Old arts and traditions still echo amidst the eaves and street corners of this peaceful district. Walking down the main street, one can shop for all the trappings and daily necessities of life in feudal Japan; from tea rooms and traditional Japanese confectionery, to miso paste stores and lantern makers. Interspersed between these are the workshops of master craftsmen who made the city what it is today. Yame is recognized across Japan as being one of the premier suppliers of traditional goods such as Buddhist alters, shrines, paper, woodcarvings, traditional bows and much more; all of which are painstakingly handcrafted using the same techniques perfected over generations.
The story of Yame begins over 400 years ago, at the start of the Edo period, when the flames of civil war that had wracked the country had at last began to stutter and die. As families slowly began to rebuild their livelihoods, a number of merchants and artisans settled down in what is now the Fukushima district in the center of Yame city. As business prospered, so did the city, and the craftsmen built stately workshops that doubled as homes for their families.
Even now the city center still retains something of the old days, and is a showcase for this particular style of traditional architecture. By walking down the old main thoroughfare, one can admire a diverse range of restored houses and shops, many of which are still in use today. Of the 130 buildings lining the old main street, some of the residences date back to the early days of the Edo period, almost four hundred years ago, while others were constructed in the Meiji, Taisho, and Showa periods.
Tucked away in the foothills of Yame, but surprisingly close to the town center, this scenic vista overlooks the tea plantations that make Yame famous. Only fifteen minutes by car or an hours leisurely walk from Yame city office, the view on offer here is simply spectacular no matter the season. That being said, the most popular time to visit is in the first week of April; the blooming cherry tress perfectly complimenting the lush green of the tea plantations.
One of the most important events is a ceremony known as Furyuu. Held only once every five years, locals gather at the shrine to perform this scared rite in order to beseech the goddess for a bountiful harvest and sound health. Accompanied by gongs and Taiko drums, devotees will dance, chant and sing in what can only be described as an extremely extravagant manner. The ceremony has been recognized by Fukuoka Prefecture as a integral part of local folklore and as an intangible cultural asset.
Yame Tshuhime shrine, located far to the west of Yame, is said to enshrine the goddess Yame Tsuhime, from which the city of Yame draws its name. It is said that almost two millennium ago, around the time the Legendary emperor Keiko had stopped in Yame during his Imperial pilgrimage, Saru Oomi, Lord of what would become the city of Chikugo proclaimed that “there is a goddess in these lands. Her name is Yame Tsuhime, and she resides in the mountains here.” As a result, the surrounding area came to be called Yame as well. The shrine itself has existed for over 1300 years, despite being rebuilt on several occasions due to fires; and the traditions and rituals surrounding it are still passed down from one generation to the next to this day.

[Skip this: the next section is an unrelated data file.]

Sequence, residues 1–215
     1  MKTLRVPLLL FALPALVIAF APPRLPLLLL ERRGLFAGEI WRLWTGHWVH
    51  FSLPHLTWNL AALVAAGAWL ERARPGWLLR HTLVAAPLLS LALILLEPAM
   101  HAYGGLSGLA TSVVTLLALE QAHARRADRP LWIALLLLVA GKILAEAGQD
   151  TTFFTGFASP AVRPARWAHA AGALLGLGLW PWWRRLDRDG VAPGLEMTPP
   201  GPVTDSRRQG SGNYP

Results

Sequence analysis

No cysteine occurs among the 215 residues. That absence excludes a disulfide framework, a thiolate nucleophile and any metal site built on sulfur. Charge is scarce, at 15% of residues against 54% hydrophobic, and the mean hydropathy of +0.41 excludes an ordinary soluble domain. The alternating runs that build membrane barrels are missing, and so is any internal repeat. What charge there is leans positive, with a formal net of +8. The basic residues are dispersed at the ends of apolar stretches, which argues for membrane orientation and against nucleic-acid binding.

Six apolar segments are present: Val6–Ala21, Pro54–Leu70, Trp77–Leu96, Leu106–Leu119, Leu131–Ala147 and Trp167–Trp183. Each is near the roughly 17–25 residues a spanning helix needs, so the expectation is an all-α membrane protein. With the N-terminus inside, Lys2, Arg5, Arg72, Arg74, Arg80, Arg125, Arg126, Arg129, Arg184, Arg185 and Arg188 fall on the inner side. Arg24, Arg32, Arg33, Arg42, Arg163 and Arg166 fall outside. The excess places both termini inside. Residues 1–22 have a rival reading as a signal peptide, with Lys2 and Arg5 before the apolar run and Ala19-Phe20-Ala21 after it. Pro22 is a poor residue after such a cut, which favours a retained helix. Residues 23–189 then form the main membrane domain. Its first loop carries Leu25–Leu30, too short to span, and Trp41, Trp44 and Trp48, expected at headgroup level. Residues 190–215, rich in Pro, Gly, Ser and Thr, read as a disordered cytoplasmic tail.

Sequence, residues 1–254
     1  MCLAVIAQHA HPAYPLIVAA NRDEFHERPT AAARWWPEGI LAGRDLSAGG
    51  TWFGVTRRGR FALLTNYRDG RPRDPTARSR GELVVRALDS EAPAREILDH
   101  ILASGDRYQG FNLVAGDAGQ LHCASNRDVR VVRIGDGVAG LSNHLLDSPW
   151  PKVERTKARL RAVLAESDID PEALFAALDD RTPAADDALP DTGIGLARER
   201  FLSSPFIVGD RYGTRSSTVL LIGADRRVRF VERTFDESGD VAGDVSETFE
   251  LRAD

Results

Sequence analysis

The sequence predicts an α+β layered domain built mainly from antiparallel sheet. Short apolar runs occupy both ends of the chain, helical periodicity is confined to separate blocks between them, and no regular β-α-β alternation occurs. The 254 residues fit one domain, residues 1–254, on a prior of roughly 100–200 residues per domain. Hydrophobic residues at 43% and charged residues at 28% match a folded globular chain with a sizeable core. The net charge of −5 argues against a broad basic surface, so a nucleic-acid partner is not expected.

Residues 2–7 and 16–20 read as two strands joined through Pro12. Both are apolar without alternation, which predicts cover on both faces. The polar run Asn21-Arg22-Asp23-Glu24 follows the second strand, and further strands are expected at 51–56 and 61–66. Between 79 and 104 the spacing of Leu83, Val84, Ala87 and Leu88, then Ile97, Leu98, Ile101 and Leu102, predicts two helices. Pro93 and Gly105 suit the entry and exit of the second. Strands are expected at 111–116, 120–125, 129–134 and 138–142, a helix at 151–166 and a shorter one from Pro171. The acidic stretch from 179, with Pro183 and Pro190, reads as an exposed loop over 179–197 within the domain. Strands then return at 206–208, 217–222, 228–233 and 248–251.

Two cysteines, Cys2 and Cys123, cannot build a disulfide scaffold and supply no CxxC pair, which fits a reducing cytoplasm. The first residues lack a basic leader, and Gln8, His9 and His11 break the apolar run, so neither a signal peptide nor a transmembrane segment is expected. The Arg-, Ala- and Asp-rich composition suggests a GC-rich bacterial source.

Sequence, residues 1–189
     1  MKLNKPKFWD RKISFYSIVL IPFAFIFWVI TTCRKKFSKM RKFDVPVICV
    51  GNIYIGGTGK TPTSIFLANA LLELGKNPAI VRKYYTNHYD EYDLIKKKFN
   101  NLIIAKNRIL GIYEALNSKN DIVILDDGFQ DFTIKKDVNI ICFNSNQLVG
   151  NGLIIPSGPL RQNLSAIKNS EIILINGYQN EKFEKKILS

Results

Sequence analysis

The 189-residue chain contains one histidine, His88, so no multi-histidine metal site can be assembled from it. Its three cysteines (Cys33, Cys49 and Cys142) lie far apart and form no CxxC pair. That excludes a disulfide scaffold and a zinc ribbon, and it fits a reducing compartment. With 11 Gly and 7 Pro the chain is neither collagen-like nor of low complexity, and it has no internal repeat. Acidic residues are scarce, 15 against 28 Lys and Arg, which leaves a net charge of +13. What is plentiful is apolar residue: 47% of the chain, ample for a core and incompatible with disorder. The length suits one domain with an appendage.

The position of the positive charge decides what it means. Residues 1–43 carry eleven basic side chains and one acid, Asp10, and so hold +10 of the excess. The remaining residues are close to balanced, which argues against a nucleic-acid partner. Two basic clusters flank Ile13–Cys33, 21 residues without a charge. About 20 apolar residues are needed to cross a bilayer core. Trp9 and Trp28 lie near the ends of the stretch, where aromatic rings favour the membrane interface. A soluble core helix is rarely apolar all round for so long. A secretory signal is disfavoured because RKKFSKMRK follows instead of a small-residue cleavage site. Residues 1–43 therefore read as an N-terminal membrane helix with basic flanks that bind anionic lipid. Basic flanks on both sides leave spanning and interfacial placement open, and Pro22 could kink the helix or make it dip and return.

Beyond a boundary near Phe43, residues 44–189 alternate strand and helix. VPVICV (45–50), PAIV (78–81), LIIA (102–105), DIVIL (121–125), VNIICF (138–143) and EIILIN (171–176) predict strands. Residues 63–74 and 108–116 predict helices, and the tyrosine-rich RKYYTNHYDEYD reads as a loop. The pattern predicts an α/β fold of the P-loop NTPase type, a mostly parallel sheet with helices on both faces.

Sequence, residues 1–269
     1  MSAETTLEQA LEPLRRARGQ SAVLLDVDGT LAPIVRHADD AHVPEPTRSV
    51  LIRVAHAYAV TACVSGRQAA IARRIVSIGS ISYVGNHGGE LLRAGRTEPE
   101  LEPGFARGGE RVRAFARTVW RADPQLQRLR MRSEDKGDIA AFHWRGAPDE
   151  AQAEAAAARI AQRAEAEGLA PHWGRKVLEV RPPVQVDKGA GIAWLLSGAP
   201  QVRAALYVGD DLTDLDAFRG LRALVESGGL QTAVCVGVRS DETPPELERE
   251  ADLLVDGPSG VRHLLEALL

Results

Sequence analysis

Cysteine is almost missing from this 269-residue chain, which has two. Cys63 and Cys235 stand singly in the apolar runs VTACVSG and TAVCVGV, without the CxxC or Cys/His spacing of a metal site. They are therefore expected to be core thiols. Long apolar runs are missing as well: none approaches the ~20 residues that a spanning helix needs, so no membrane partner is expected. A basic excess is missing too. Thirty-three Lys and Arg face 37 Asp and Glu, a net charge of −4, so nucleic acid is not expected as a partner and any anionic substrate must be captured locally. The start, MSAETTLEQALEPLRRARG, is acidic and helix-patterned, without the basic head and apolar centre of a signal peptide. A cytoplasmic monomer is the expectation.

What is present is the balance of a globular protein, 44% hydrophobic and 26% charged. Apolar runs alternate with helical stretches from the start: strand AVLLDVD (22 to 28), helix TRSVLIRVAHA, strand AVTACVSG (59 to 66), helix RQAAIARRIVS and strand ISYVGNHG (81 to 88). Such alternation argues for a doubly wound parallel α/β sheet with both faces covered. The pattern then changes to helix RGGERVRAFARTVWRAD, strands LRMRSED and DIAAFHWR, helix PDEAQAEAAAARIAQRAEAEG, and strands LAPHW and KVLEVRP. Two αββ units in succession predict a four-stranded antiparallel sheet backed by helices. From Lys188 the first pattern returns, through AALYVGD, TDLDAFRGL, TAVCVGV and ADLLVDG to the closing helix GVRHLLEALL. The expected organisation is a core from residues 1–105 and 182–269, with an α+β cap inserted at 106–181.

As well as the main temple complex, there are also two pagodas, said to have served as bases for covert operations against the forces of the north. However, Reiganji is perhaps most famous for the role it played in the development of Yame tea. After completing a pilgrimage to China, the monk Eirin Shunsui brought back with with him some twenty seeds he received from a Chinese monastery. The monks at Reiganji began cultivating them, and within a few years the temple served as knowledge base for a variety of cultivation and processing techniques. This is commemorated every 88 nights, as the monks of the temple make a ritual offering of the finest green tea Yame has to offer to the gods in recognition for their blessing.
Reiganji temple was founded in 1423 by Eirin Shuzui, a Zen Buddist monk belonging to the Myoshin Temple sect located in Kyoto. His meditations drew him deep into the wilds of Yame. There, alone in the mountains and valleys, he found a series of massive boulders towering over their surroundings, and proclaimed the area to be holy ground. Even before that, the site was frequently visited by itinerant Buddist monks and Shugendō monks seeking to strengthen and develop their physical and spiritual powers. It even served as a base of operations for resistance movements for the Southern Court during the turbulent Nanboku-cho Era for over 60 years.
A erat nam at lectus urna duis. Posuere sollicitudin aliquam ultr.